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This report outlines principles for successful carbon pricing, based on economic principles and experience of what is already working around the world. It is intended to provide a foundation for designing efficient, and cost-effective carbon pricing instruments—primarily explicit carbon taxes and emissions trading systems—at the national and sub-national level.
The UN Conference on Climate Change (COP21) in Paris 30 November-11 December is a once-in-a-generation opportunity to reach a new international agreement to combat climate change and accelerate our transition to a low-carbon economy. The “carbon entanglement” of our economies is keeping us on a collision course with nature.
This report is the third OECD review of environmental performance in the Netherlands. It evaluates progress towards sustainable development and green growth, with a focus on sustainable mobility, and waste and materials management.
The OECD Environmental Performance Review Programme provides independent assessments of country progress in achieving domestic and international environmental policy commitments. The reviews are conducted to improve environmental performance, promote peer learning and enhance accountability. They are supported by a broad range of economic and environmental data, and provide policy-relevant recommendations.
Each review cycle covers all OECD countries and selected partner economies. The most recent reviews include: Spain (2015), Poland (2015), Sweden (2014).
A ground-breaking OECD survey offers insights to policy-makers on the factors that influence household behaviour towards the environment. It provides answers to the key question: How can the impact of policies encouraging greener behaviour be heightened? It also provides a deeper understanding of behavioural responses to measures and how these may differ across households and regions.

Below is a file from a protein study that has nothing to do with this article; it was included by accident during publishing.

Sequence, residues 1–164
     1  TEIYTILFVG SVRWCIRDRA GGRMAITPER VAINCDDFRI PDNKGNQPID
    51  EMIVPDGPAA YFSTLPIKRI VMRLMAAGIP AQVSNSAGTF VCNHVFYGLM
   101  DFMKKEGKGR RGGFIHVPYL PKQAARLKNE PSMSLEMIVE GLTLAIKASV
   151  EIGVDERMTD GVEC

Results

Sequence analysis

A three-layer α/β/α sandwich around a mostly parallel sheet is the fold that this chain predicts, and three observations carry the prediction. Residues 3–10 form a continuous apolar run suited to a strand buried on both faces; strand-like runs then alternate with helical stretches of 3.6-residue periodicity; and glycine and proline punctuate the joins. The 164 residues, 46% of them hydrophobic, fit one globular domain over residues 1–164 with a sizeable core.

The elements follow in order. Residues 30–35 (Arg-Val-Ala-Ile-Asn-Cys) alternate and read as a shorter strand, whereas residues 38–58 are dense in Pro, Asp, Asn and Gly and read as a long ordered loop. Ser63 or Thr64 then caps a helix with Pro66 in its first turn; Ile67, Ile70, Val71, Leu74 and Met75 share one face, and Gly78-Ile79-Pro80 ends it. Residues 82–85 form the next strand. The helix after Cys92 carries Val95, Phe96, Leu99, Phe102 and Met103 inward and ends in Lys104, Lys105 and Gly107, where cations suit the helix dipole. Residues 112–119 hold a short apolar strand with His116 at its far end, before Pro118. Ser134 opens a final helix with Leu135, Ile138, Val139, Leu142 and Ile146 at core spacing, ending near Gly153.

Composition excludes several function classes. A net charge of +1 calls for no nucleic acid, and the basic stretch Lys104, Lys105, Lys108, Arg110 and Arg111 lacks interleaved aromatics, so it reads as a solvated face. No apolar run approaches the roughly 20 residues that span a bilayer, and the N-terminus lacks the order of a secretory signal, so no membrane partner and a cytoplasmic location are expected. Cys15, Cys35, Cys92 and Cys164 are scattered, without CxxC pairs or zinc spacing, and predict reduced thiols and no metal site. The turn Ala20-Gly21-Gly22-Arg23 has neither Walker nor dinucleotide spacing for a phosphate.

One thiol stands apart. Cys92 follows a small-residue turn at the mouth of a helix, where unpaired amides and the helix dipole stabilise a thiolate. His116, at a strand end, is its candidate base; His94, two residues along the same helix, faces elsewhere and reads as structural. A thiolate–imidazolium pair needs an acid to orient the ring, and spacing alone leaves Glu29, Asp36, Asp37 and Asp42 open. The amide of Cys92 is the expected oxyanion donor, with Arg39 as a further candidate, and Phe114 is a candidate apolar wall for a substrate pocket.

This project is unique in that it explores how national-level policies impact household behaviour. Topics include energy use, food consumption, personal transport choices, waste generation and recycling, and water consumption. Yet the project does not specifically discuss the term “ecological footprint,” and it retains a macro-policy focus, targeting governments interested in learning which policies to implement.
The topic of biodiversity loss has been the subject of a vast and growing scientific and economic literature. Species are estimated to be going extinct at rates 100 to 1000 times faster than in geological times. Globally, terrestrial biodiversity is projected to decrease by a further 10% by 2050.
Read the latest articles on climate change by the OECD Observer, which helps policymakers stay ahead of today’s pressing challenges.
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Brazil has made tremendous progress in terms of its environmental performance, but rigorous policy implementation remains critically important, according to the OECD’s first-ever Environmental Performance Review of Brazil. Greening the economy can also bring huge social and economic opportunities.
To increase transparency and improve understanding of different countries’ situations, the OECD has developed an interactive map that brings to life key climate change mitigation statistics and policy settings. The webinar on Monday 16 November 2015, 15h00-16h30 (Paris time) consisted of a summary of the main messages of the report "Climate Change Mitigation: Policies and Progress" and a demonstration of the interactive tool.
Policy makers should do much more to encourage pension funds and other institutional investors to put their ample assets into sustainable energy infrastructure. The wins would be significant. The question is how?